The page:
In 2012, Mobile service prices dropped 11% due to Free Mobile (of course)

May 31, 2013
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Free’s entry into the mobile space continues to profoundly transform the French mobile space. According to 2012 figures from ARCEP, mobile contract prices in France dropped 11,4% in 2012 pretty much entirely due to the Free effect. This drop was consistent when looking at mobile contract pricing (with engagement), which declined 12%. For mobile services without a subsidized phone, the drop was even more stark, dropping a whopping 28,4% over the previous year.

Rapidly declining prices in themselves are obviously causing some pain for the big telcos, as overall revenues in the sector declined in 2012 by 3% to €50,9 billion. At the same time, however, they’re also dealing with a big leap in mobile communication consumption (voice and data), as mobile telephone traffic increased 13,6% and overall communication traffic reached 231.2 billion minutes in 2012, an increase of 13 billion over 2011. Not surprisingly, the most massive jump came from mobile data consumed which increased 67% to reach 95 500 terabytes last year. While this is, of course, a positive trend for the sector, it’s clear that the positive increase in usage isn’t offsetting the losses driven by the steep drop in prices. Orange, in particular, may have stopped the worst of the bleeding and is stepping up its game by going after Free on its home turf. However, it’s clear that the fat days for the telecoms have clearly come to an end.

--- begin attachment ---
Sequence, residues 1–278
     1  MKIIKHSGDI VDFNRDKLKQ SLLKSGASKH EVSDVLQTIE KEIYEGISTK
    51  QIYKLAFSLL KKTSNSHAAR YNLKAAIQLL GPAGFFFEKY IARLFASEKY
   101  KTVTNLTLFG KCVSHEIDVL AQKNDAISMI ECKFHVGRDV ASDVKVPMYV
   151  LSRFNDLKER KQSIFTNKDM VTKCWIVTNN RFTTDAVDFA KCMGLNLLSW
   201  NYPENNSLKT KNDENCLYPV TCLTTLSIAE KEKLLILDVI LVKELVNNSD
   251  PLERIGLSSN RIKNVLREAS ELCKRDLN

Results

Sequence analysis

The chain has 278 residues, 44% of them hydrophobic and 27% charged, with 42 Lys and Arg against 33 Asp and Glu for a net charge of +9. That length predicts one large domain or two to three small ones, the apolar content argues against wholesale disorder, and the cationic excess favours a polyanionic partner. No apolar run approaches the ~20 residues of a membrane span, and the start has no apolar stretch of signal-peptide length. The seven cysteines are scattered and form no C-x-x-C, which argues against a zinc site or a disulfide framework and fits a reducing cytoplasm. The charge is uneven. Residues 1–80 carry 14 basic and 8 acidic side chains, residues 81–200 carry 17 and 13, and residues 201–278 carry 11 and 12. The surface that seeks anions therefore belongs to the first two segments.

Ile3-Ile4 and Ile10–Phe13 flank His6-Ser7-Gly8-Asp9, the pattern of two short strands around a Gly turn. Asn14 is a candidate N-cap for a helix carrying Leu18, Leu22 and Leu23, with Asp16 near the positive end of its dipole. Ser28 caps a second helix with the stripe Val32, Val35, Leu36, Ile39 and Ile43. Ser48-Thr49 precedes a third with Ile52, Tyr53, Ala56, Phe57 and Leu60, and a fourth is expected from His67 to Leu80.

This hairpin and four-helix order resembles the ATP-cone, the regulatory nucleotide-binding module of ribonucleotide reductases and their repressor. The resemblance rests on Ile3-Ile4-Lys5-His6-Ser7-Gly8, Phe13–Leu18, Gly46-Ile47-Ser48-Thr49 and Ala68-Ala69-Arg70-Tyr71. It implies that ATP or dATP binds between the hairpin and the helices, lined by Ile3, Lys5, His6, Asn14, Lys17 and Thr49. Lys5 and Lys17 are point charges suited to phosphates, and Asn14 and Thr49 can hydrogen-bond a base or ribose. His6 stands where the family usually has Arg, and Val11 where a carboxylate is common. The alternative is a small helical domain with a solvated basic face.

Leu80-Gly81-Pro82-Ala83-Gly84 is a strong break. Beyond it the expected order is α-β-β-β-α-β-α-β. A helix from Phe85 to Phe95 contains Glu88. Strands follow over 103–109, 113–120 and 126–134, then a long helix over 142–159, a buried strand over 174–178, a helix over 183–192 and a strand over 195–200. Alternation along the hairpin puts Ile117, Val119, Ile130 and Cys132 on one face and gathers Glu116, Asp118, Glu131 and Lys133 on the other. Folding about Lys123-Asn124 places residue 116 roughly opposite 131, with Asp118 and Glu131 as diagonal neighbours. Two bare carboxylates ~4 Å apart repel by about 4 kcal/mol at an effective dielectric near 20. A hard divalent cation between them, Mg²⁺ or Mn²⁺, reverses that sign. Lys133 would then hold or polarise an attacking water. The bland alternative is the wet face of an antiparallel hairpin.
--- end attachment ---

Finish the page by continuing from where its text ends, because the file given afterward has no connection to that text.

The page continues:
To keep up with the competition as well as mobile user’s insatiable appetite for more mobile data and services (ie high-speed mobile), the telcos are pretty much obliged to step up their investment. Continuing the trend of the last few years, 2012 proved to be a banner year in terms of telco investment as total sector investment last year reached €10 billion, a €3 billion increase over the previous year. A good chunk of this increase was driven by their investments in high-speed mobile (3G and now 4G), which increased by approximately 70% to reach €4 bllion last year.